The grievous howl that issued from it then easily broke all previous records.  The ogre had no clear idea what had happened.  What was clear was that it had a sore head, a sore bottom and sore fingers.  It seemed to pause for thought – or at least the closest form of that mental activity it could manage.

Lumbering to its feet, it began to shamble back towards the wood where the other wild things were.  Gordon heard it muttering: “I don’t like it there.  ’E’s weird!”

“He won’t be coming back here in a hurry,” Zack said.  “What now?  Shall we receive the praises of the king, and fly in triumph over Fairyland?”

“No,” Gordon decided, yawning suddenly.  “I think this dream has lasted long enough.”

The scene dissolved…  Soon the senses of the tired little boy were safely steeping in forgetfulness.  He knew Zack would get him home safely.

He always did.

“You sort him”; Colossus of Rhodes; Shall we receive the praises of the king, and fly in triumph over Fairyland? …steeping in forgetfulness.

Chapter 14: Using The Force

Gordon drew up his own job description in the Infants.  He was an assistant teacher in the classroom and a deputy sheriff in the playground.

He enjoyed the challenges Mrs Jones threw his way.  He plunged himself into Zack’s rigorous training programme.  He discovered there were interesting abilities he hadn’t known he had.

Telepathy was the tip of an iceberg…

When he was six, his mum found out about Enjoy-A-Ball.  They added it to his list of after-school activities.  The sessions took place in a local sports hall and were good fun.

It gave him and Zack a chance to practise his speed and power control.  It also gave him a bit of one-to-one time with his dad, who made an effort to get home on that day in time.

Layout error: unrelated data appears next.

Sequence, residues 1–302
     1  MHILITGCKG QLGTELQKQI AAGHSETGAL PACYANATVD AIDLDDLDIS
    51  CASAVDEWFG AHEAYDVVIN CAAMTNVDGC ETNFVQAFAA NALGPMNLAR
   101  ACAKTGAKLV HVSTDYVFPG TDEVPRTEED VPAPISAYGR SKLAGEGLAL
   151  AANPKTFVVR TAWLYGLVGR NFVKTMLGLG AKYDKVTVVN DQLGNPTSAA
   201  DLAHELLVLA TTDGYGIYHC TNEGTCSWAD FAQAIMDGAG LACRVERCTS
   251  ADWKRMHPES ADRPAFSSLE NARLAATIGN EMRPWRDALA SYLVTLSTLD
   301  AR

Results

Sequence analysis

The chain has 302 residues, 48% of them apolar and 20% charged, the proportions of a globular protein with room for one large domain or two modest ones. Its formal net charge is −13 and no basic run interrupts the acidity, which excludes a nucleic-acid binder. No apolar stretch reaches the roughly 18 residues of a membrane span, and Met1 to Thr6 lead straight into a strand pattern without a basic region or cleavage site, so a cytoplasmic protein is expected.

One sunny afternoon in late September, they arrived at the sports hall car-park five minutes early.  Victor was never late for anything if he could help it.

There was no point in waiting in the car when they could wait outside in the fresh air and sunshine.  They clambered out and shut the doors.

Victor was struck by how tall Gordon was getting.  He seemed to have shot up recently.  The time was flying!  How could he be six already?

An ice-cream van pulled up at the pavement by the entrance.  The driver switched on its cheerily amplified jingle.  It announced his presence to all children within a quarter of a mile.

“NO KIERAN, I SAID NO!” yelled his mum.  That was the normal volume she used when arguing a point with her son.

She had Dean in tow as well.  She and Dean’s mum took it in turns to lug their equally naughty boys to Enjoy-A-Ball.  Where was the point in both of them being inconvenienced?

“But I WANT one!” Kieran howled, “I really really DO!”




“I want one NOW!  He might not be here THEN!!”

Gordon was well aware that Kieran could keep this up all day.

“OH ALL RIGHT THEN, THERE!!  She shoved some money into his greedy little paw.  “GO AND GET YER BLEEDIN’ ICE CREAM!!”

Several adults within earshot shuddered and turned away.

Kieran handed one of the cones filled with Mr Whippy’s creamy concoction to Dean.  They smirked their self-satisfied way through the car-park entrance, ready to take their first triumphant licks.  Kieran already had his tongue out and his eyes closed in anticipation…

Gordon couldn’t help himself.  From 25 metres away he sent a quick pulse of power through Kieran’s elbow.  It was just enough to drive the ice cream past his mouth and up his nose.

Kieran stopped dead in shock.  Dean, whose eyes had also been closed, cannoned into the back of him.

“LOOK WHAT YOU DID!!”  Kieran snarled, ice-cream dripping off the end of his nose.  He lunged at Dean in an attempt to drive Dean’s ice-cream a similar distance up his nose.

Dean jerked his ice-cream out of harm’s way, and his softening dollop of Mr Whippy plopped out the top of his cone.  It slopped on to the tarmac.

“LOOK WHAT YOU JUST DID!!” Dean yelled, staring at his empty cone.

Kieran pointed at the rapidly melting mess on the floor and jeered.  “NA NA NA-NA NA – SERVES YER RIGHT!”

He brought his ice cream up to rub Dean’s nose in the fact that he still had some ice cream.  This time his arm went straight past his face and threw what was left over his right shoulder.

The pair of them stood and stared at each other, each clutching an empty cone with a soggy top.

“SEE!!” Dean said, with sensitivity and tact.  “YOU CAN’T SAY I DID THAT, YER DIV!”


Gordon was suddenly reminded of the trolls arguing over how they were going to cook the dwarves.  His dad was reading The Hobbit to him at bedtime each night.


Kieran’s mum drove them towards Mark – the Enjoy-A-Ball instructor – who was standing at the entrance to the Sports Hall.  Victor and Gordon started out after them, a safe distance behind.